Canada Post to end home delivery in urban areas

Mail delivery will switch to community mailboxes in neighbourhoods that don't already have them

Community mailboxes will serve the one third of Canadians who now have home delivery.



Canada Post will phase out home delivery of mail in urban areas in a new bid to cut costs.

Many newer suburban neighbourhoods in the Lower Mainland already have community mailboxes.

But the Crown corporation says the remaining one third of Canadian households that still get home delivery will be switched to community mailboxes or grouped or lobby mailboxes over the next five years.

It cites declining use of postal mail – a billion fewer pieces of mail were delivered last year compared to 2006 – as households shift to online bill payments and other digital communication.

The price of stamps will also go up from 63 to 85 cents each if bought in booklets, or $1 for individual stamps.

It means up to 8,000 fewer postal workers will be needed, which Canada Post says will be shed by attrition, as nearly 15,000 workers are expected to retire or leave voluntarily over the next five years.

“With its current labour costs, Canada Post has a much higher cost structure than its competitors in the private sector have,” Canada Post said in a press release. “This is simply not sustainable.”

The reduced workforce and other changes are expected to save a combined $700 to $900 million per year.

A Conference Board of Canada report last spring found Canada Post would face losses of $1 billion a year by 2020 without major reform.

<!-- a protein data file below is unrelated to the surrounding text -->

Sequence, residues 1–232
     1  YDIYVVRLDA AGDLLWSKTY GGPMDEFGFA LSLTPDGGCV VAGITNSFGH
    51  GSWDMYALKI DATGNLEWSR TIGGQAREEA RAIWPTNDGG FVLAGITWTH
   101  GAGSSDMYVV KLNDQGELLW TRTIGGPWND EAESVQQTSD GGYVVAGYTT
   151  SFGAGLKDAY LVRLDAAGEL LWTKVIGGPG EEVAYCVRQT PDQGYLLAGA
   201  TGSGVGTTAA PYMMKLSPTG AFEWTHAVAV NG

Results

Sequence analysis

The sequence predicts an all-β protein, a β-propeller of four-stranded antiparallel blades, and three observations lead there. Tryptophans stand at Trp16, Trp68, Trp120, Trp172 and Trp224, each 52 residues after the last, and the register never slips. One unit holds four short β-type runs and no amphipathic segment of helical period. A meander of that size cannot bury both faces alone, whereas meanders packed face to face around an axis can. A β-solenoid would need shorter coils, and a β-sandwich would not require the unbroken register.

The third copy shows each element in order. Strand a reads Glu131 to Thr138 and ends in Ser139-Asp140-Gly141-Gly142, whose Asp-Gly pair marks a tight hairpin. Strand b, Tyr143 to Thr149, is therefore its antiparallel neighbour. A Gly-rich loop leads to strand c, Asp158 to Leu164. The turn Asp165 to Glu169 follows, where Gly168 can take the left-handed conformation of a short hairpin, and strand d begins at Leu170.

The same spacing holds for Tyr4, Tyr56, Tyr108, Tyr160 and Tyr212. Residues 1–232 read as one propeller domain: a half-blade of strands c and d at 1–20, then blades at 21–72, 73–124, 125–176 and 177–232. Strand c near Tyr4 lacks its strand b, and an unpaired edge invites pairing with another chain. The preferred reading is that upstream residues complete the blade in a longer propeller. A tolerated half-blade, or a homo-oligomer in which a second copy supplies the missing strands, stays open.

Reaction has been mixed but one concern being raised is that many more banks of community mailboxes will be vulnerable to mail theft by identity thieves.

There have been ongoing mail theft reports in communities like Belcarra that already have the clustered group boxes, as well as newly developed areas of Surrey, particularly Clayton.

Surrey resident Craig Findlay says the community mailbox in his Fleetwood neighbourhood was broken into repeatedly and says Canada Post must make them more secure before converting the remaining urban neighbourhoods.

“It’s going to be an exercise in futility as far as I’m concerned,” Findlay said. “They should try it in one or two places and find out for themselves how bad it’s going to be.”

Findlay said Canada Post is right to seek ways to stop losing money.

But he said it might be smarter to reduce home delivery to every second or third day, or else put group boxes in publicly accessible indoor areas such as malls, until mail thieves can be thwarted.

Belcarra Mayor Ralph Drew said Canada Post has hardened the community boxes somewhat with anti-pry devices so they are less vulnerable to theft.

“It’s not as bad as it was,” he said, but added mail theft from the boxes remains a continuing problem throughout the Tri-Cities.

“If somebody’s determined, they’re going to get in.”

Drew said the complete transition away from door-to-door home delivery was predictable and inevitable.

“Home delivery people really been subsidized by the other two thirds of the Canadian public in terms of the cost of the system.”

 

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